A Welsh minister has purchased twelve abandoned chapels in a bid to restore them to their former glory.
The Rev Robert Stivey, a congregationalist minister, has invested around $240,000 of his own money in the derelict buildings, which are mostly former Baptist chapels.
The dedicated reverend, who called his venture an “act of faith,” said he felt a strong desire to bring the aging sanctuaries to life, filling them once again with the beautiful sounds of Christian worship.
“Many years ago I had visits to the Welsh valleys and noticed a lot of the chapels were being closed down or turned into flats or being demolished and so forth, and I thought that’s really, really bad,” he told the BBC.
“I felt I’ve been called to do something about this, these chapels must be saved and reopened and used again for their original purpose. We’re looking to the future for reopening, I don’t know when, maybe next year, but it [Calfaria] is a magnificent building and deserves to resound with the praises of God once again.”
In the town of Aberdare, the Calfaria chapel used to be packed to the rafters with patrons eager to hear the gospel and lift up their voices to the Lord. Over time, however, the congregation began to dwindle and, eventually, silence fell over the hallowed building.
But Wales has a rich history of spiritual awakening. In 1904-1905, a young preacher named Evan Roberts sparked a revival that not only saved 150,000 people across the nation, but also spread the gospel halfway around the globe and still influences churches even today.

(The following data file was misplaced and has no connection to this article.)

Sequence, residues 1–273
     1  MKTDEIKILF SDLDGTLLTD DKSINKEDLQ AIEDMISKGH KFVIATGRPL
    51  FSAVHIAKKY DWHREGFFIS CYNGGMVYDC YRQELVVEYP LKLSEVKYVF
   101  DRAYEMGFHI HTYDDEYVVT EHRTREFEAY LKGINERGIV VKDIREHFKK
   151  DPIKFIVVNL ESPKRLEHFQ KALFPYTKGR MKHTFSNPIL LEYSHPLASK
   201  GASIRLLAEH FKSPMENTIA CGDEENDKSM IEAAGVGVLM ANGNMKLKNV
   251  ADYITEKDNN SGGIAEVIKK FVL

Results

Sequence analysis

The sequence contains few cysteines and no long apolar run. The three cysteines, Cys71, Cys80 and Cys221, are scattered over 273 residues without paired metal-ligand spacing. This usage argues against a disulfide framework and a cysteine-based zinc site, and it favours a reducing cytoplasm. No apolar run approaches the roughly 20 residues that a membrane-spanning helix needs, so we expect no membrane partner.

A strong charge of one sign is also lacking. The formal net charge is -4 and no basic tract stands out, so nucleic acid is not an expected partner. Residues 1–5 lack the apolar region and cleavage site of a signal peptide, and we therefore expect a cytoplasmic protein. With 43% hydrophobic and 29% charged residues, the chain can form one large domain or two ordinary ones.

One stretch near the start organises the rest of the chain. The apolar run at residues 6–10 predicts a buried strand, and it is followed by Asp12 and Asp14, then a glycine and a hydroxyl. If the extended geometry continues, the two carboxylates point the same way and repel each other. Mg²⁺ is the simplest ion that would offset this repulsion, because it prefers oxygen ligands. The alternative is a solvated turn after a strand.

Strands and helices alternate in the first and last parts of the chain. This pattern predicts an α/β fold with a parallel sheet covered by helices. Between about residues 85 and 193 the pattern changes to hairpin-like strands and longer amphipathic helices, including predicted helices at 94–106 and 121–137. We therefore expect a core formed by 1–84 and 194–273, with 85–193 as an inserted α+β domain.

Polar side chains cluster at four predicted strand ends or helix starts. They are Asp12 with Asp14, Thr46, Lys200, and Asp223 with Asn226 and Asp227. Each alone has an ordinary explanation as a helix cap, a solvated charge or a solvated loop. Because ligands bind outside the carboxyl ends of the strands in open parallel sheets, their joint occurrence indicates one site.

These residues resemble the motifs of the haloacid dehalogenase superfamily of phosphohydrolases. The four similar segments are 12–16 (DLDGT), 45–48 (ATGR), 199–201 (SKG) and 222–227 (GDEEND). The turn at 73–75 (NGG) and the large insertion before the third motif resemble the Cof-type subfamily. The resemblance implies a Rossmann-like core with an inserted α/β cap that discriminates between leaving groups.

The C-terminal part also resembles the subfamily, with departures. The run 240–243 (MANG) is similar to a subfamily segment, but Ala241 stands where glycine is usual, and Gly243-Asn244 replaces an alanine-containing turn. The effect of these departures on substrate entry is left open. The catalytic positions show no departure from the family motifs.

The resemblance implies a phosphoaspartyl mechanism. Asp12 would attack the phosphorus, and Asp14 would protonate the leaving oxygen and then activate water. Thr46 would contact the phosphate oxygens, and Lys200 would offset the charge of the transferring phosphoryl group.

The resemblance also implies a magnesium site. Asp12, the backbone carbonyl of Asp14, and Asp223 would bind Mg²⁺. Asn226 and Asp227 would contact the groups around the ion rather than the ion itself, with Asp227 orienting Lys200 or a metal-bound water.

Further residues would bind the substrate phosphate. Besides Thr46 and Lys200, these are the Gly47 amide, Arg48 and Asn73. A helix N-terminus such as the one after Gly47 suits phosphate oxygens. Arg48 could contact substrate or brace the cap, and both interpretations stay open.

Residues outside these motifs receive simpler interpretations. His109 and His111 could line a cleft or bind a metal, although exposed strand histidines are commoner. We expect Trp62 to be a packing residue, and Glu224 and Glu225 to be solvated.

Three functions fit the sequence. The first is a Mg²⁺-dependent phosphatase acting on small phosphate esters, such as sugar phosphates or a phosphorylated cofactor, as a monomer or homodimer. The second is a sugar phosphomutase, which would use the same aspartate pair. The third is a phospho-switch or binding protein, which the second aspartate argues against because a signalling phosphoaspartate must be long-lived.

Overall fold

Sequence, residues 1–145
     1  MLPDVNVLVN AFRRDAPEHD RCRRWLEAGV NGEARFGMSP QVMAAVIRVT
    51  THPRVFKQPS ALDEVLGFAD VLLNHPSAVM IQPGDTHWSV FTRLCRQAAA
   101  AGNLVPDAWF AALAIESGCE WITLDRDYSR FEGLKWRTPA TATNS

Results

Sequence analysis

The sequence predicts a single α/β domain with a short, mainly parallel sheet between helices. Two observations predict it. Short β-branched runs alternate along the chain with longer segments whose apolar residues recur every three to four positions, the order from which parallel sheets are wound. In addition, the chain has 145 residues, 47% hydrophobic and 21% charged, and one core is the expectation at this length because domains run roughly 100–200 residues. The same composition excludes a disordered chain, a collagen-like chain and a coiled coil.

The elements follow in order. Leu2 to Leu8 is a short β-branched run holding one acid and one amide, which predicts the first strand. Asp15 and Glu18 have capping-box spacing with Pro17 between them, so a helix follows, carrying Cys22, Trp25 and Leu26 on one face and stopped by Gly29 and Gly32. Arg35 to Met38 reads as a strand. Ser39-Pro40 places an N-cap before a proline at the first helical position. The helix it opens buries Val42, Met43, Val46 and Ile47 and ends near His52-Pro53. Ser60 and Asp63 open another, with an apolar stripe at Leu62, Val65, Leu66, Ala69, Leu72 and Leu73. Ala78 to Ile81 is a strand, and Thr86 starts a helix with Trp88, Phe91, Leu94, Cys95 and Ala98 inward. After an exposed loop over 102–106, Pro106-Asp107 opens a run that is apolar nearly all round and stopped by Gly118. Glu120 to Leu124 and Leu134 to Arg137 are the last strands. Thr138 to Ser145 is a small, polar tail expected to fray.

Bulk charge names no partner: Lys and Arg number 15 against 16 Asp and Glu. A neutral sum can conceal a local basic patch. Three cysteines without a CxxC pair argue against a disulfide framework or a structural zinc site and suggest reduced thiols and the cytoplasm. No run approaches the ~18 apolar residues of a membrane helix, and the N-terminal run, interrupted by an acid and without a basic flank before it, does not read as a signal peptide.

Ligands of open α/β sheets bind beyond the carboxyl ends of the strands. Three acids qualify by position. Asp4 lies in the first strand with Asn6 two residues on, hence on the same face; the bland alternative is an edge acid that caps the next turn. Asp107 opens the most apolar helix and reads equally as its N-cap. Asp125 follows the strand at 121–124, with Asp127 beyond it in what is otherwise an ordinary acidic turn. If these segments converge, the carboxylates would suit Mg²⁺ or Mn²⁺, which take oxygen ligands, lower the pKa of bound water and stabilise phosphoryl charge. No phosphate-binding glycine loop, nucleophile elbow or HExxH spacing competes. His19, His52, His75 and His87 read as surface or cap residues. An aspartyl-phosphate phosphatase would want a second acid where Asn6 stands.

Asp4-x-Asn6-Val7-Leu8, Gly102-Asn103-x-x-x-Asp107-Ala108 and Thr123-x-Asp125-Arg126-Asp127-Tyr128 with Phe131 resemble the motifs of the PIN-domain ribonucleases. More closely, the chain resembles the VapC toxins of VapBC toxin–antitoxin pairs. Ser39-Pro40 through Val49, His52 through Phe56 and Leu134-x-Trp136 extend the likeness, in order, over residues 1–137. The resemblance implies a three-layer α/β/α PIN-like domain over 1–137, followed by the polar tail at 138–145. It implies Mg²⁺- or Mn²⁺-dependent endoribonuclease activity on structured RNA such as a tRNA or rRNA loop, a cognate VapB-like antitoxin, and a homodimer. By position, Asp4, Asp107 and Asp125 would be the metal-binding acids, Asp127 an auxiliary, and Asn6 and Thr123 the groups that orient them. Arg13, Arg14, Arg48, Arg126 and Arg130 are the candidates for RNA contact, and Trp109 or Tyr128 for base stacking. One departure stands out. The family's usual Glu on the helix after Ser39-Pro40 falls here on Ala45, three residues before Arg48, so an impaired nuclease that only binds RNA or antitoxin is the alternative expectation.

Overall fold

After some thirteen years of getting on his knees and praying for a revival in the land with little to no effect, Roberts described the moment that God finally broke in.
“About half-past nine next morning, the fire fell,” he told Rev. Thomas Francis in December 1904, “and it is burning ever since.”
Dr. Bryan E. Galloway explained more about what occurred during those glorious, spirit-filled years:
“Just after eleven o’clock on a Wednesday evening a hundred years ago, a solo voice rang out with the beautiful Welsh hymn “Here Is Love Vast As The Ocean”. Maybe a thousand people were in the Chapel at the time, leaning over the galleries, packing every pew and squeezing into every spare corner. They’d been here for more than four hours, in a service of intense emotion.
Meetings like it were taking place across Wales night after night, with fervent prayer and passionate singing – and similar disregard for the clock. They both excited and appalled, left many puzzled and some frightened, but it was reckoned that in less than a year, over a hundred and fifty thousand people had made a new commitment to Jesus Christ.”
So, can it happen again?
“I don’t think we’re in revival time yet to fill these chapels,” Stivey admitted, “but there are people out there who are willing to listen to the gospel… I see no reason why we shouldn’t start small and build up over the years.”
“Some could be open tomorrow,” he said of the newly acquired chapels, “some would need renovation, but it’s all possible.”